9. Internationalisation and the role for student affairs professionals ...

    African Journals Online (AJOL)

    enrolment at the NYU campus presents challenges and opportunities. As caretakers of students' educational experience, institutions must address and embrace a greater level of expectation and engagement in order to positively affect student satisfaction. The options to engage in activities that affirm aspects of their cultural ...

  10. Closing the Gap: Merging Student Affairs, Advising and Registration

    Science.gov (United States)

    Goomas, David T.

    2012-01-01

    In a pilot study at El Centro College, an urban college in the Dallas County Community College District, students in a new-to-college educational framework class were offered an intervention intended to enhance the academic advising process. The intervention consisted of in-class career services advising, degree selection, degree planning, course…

  11. Building Campus Communities Inclusive of International Students: A Framework for Program Development

    Science.gov (United States)

    Jameson, Helen Park; Goshit, Sunday

    2017-01-01

    This chapter provides readers with a practical, how-to approach and framework for developing inclusive, intercultural training programs for student affairs professionals on college campuses in the United States.

  12. ISS Robotic Student Programming

    Science.gov (United States)

    Barlow, J.; Benavides, J.; Hanson, R.; Cortez, J.; Le Vasseur, D.; Soloway, D.; Oyadomari, K.

    2016-01-01

    The SPHERES facility is a set of three free-flying satellites launched in 2006. In addition to scientists and engineering, middle- and high-school students program the SPHERES during the annual Zero Robotics programming competition. Zero Robotics conducts virtual competitions via simulator and on SPHERES aboard the ISS, with students doing the programming. A web interface allows teams to submit code, receive results, collaborate, and compete in simulator-based initial rounds and semi-final rounds. The final round of each competition is conducted with SPHERES aboard the ISS. At the end of 2017 a new robotic platform called Astrobee will launch, providing new game elements and new ground support for even more student interaction.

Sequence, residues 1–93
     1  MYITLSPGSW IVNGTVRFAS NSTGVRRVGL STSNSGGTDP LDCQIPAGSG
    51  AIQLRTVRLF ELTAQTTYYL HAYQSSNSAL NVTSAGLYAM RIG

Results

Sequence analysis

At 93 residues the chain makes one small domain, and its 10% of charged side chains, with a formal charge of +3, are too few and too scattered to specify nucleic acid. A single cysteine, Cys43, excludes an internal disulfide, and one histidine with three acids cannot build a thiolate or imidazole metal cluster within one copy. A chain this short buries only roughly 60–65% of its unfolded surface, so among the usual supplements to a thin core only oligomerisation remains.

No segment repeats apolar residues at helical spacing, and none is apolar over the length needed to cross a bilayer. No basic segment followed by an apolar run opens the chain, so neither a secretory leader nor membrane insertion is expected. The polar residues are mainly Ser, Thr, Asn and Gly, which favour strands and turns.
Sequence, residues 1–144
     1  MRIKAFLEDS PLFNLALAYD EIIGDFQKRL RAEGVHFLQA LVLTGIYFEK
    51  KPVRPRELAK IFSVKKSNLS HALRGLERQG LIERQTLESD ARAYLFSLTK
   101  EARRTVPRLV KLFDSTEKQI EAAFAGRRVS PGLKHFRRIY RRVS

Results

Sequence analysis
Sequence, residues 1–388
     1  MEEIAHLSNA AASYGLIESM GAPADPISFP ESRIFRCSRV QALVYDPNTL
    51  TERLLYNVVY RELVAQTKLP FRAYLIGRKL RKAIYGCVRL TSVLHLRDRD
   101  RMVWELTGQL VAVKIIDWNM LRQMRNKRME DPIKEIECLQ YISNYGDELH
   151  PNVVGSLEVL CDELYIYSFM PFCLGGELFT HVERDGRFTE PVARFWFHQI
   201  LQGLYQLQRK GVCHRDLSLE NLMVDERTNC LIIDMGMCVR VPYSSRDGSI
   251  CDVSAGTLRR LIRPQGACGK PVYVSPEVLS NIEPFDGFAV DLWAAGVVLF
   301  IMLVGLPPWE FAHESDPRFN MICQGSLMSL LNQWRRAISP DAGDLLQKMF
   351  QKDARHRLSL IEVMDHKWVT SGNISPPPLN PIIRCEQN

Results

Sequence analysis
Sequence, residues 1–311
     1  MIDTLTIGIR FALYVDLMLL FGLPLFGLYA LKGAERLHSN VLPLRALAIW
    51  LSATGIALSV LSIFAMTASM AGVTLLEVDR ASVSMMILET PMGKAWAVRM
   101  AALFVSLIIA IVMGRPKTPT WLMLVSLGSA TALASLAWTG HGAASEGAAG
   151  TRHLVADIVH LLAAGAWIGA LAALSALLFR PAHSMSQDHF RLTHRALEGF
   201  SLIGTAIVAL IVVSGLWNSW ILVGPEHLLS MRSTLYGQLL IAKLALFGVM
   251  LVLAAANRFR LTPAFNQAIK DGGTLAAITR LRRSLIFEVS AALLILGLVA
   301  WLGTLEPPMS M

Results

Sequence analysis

13. The Lived Experiences of Vice Presidents for Student Affairs: A Study Exploring How Social Identity Impacts Leadership Approach

    Science.gov (United States)

    Jones, David E.

    2016-01-01

    This study aimed to both draw awareness and increase understanding of how lived experiences across race, gender and sexual orientation social identities impact the leadership approach of Vice Presidents for Student Affairs. As the student demographic becomes increasingly more diverse on college and university campuses, higher education leaders…

  14. Reconciling the Knowledge of Scholars & Practitioners: An Extended Case Analysis of the Role of Theory in Student Affairs

    Science.gov (United States)

    Kimball, Ezekiel

    2016-01-01

    This paper utilizes a critical post-pragmatist epistemological lens in tandem with an extended case analysis to explore how student affairs professionals process truth claims related to student experience. Findings from the study, which include the limited usage of formal theory and the iterative reconstruction of informal theory, are used to…

  15. Financial incentives and accountability for integrated medical care in Department of Veterans Affairs mental health programs.

    Science.gov (United States)

    Kilbourne, Amy M; Greenwald, Devra E; Hermann, Richard C; Charns, Martin P; McCarthy, John F; Yano, Elizabeth M

    2010-01-01